Enter Facebook and the trusty mileage-covering activity: the scavenger hunt. In March, Miller created a Bingo board on the 700-member Facebook group, with a different running-related goal in each square. For example, if someone spotted a religious lawn ornament, tire swing or runner’s tan line, they posted a picture to fill the square. Other squares included running in the rain or trying a new route, anything Miller could think of to encourage folks to keep moving and posting (Miller credits another local running club with the idea and asked permission to borrow it).

For May, Miller came up with an Up to Interpretation challenge, posting a list of adjectives — dirty, suburban, hot, wet — and asking participants to take a picture of a run symbolizing the word. For the “hot” challenge, Alan Speicher, also known as the Trash King of Ashburn for picking up trash while jogging (a.k.a. plogging), ran in a full Chewbacca costume on May 28, in 88 percent humidity and temperatures in the low 80s.

After OneLife Fitness, a chain with gyms in Virginia, Georgia, Maryland, West Virginia and Missouri, shut down its sites, Northern Virginia regional director Kris Johnson knew who he needed to recruit to keep families tuned in. He launched Saturday Onesies Workouts at noon, in which he and his four kids — 4-year-olds twins Kamden and Kolton, and daughters, Kenley, 7, and Kayden, 11 — show up in a variety of onesies, from superhero to unicorn.

“If anyone has kids, they 100 percent know they love onesies,” Johnson said. “If there’s ever a time to break out the costumes and be goofy — anything to make it fun — now is the time.”

Other studios have turned to online magic shows by talented members, cooking and nutrition classes, and that old pandemic standby — the Zoom happy hour.

Mental wellness and art

Doing a burpee in a donkey onesie on Facebook is one way to show members you’re okay with being vulnerable. Sending them an email detailing your own struggles with anxiety and depression, as BoxUnion Studio co-founder Felicia Alexander did, is another.

Alexander had always been open about discovering the emotional release of boxing at 16, after her father died suddenly. “Hitting that bag was the first time I felt strong after he died,” she said. She decided to amplify the Los Angeles studio’s mental health message during the shutdown. She called 60 members to check in; the team overall spoke to about 300. During May, Mental Health Awareness month, the studio hosted an online Q&A with a National Alliance of Mental Health therapist from the West Los Angeles chapter.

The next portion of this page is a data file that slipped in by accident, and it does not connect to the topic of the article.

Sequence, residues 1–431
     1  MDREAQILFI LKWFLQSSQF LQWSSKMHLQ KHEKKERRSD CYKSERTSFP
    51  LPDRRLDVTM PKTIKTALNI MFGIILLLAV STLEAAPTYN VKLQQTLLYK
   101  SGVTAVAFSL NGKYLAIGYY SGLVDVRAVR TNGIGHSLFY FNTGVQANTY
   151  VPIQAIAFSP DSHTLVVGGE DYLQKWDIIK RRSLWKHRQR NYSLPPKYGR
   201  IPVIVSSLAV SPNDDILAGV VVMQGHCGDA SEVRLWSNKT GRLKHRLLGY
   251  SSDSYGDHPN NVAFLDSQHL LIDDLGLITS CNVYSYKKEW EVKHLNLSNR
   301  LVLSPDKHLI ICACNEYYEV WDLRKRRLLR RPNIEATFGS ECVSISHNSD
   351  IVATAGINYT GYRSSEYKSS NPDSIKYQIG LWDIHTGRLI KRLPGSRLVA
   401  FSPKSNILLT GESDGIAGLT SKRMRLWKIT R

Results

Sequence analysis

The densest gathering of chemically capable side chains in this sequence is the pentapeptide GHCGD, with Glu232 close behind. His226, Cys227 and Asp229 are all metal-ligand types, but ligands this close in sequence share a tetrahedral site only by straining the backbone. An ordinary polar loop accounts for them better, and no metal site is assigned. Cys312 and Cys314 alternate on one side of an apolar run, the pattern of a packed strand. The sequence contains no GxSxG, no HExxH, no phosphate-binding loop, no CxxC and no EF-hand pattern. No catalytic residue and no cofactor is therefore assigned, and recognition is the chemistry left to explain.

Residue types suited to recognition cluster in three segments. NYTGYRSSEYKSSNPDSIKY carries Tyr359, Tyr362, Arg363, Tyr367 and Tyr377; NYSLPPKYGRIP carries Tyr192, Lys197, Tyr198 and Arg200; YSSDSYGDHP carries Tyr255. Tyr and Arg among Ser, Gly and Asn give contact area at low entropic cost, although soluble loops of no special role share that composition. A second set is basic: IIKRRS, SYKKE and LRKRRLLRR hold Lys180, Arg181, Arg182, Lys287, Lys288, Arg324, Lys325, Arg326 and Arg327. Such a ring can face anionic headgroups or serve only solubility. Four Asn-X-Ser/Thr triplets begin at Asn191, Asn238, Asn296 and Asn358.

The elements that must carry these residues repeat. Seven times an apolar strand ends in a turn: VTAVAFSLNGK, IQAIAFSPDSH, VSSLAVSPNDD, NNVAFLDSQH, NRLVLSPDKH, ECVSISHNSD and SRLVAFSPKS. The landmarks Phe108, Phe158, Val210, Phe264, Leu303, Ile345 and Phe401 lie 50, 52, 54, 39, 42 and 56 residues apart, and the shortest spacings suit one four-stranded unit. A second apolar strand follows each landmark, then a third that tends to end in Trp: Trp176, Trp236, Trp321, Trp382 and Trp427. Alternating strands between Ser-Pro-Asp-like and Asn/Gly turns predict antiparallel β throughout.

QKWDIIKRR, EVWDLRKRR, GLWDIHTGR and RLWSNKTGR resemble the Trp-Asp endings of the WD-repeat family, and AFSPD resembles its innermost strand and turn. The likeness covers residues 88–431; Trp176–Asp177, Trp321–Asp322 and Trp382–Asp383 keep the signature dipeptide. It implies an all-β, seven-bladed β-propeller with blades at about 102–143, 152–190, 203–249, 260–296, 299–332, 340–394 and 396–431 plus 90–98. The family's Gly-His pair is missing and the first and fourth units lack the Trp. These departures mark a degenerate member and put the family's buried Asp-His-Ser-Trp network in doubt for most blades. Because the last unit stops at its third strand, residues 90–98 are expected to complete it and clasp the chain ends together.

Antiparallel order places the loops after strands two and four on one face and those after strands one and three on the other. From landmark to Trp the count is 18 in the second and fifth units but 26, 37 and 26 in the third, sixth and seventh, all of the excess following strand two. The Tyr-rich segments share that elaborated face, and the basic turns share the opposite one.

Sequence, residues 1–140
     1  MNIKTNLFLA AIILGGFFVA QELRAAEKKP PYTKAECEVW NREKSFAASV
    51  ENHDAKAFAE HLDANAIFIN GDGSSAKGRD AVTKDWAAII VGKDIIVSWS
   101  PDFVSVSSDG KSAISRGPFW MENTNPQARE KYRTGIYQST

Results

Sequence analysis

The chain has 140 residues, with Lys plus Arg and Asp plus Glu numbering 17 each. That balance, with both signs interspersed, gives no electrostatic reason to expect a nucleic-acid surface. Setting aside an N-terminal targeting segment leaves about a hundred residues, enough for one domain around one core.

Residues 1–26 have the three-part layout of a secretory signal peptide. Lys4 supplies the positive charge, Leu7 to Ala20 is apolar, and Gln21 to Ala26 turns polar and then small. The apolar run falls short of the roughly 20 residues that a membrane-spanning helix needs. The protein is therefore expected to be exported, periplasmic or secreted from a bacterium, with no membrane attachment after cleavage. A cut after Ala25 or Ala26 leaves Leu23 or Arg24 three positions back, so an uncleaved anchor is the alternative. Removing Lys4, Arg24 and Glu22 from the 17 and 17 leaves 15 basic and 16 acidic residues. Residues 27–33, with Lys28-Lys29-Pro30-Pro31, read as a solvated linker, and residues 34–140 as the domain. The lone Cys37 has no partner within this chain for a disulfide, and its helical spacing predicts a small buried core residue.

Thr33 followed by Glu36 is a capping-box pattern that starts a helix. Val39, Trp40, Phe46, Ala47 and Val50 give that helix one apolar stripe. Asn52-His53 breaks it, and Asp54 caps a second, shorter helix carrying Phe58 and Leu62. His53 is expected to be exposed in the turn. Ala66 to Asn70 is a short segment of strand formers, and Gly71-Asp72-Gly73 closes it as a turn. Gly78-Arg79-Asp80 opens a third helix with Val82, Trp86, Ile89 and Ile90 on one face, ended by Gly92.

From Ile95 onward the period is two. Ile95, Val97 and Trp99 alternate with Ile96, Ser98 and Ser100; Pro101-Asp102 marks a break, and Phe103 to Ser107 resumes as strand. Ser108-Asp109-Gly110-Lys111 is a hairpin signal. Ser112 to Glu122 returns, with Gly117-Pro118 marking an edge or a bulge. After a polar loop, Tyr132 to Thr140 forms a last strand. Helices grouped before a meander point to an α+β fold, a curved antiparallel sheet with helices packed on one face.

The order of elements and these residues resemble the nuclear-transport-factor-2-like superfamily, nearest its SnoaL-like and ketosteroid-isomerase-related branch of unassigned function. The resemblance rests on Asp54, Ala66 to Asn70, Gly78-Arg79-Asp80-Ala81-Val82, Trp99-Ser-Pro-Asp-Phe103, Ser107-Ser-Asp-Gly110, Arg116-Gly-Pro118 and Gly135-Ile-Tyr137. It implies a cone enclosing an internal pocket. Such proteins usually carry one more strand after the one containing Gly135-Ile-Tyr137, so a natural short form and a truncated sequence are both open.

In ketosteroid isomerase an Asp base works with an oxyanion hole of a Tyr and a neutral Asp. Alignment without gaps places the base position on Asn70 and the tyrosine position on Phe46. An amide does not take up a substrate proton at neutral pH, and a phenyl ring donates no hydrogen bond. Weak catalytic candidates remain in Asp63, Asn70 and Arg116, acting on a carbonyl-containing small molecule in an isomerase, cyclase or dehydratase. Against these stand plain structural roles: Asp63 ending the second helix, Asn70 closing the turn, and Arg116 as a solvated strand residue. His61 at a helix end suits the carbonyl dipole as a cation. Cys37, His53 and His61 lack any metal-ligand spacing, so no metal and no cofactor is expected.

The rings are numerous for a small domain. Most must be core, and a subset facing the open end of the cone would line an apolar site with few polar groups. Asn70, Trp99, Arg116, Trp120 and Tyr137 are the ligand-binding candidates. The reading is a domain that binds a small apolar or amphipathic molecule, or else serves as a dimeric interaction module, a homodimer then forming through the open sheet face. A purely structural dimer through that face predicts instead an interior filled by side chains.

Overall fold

Mental fitness has always been a part of the mission at Method3 Fitness in San Jose, said owner John Heringer. The studio’s name, he explained, alludes to how people eat, move and think. “It’s always been about us helping partners be better for their physical and mental health.”

 His team created a No Partner Left Behind spreadsheet and, with two employees, reached out to the studio’s 400 members. They’ve emailed or texted each person five times since March. An artist is leading a group in creating a mural of the Method3 logo in which each person submits a piece they’ve colored or decorated. Heringer plans to hang the artwork in the studio as a reminder, he said, of “how we united together to get through this.”

 That message of sticking together can resonate beyond costumes, competitions and check-ins. On June 6, responding to the nationwide protests over the killing of George Floyd, Brown abandoned her bunny ears and cheer skirts to deliver a more somber message. “I’m not a philosopher or a preacher, but I do know that we have the power to change ourselves,” she said. “When we show up and believe in that power, we can change our community.”

Amanda Long is a writer and massage therapist in Falls Church, Va.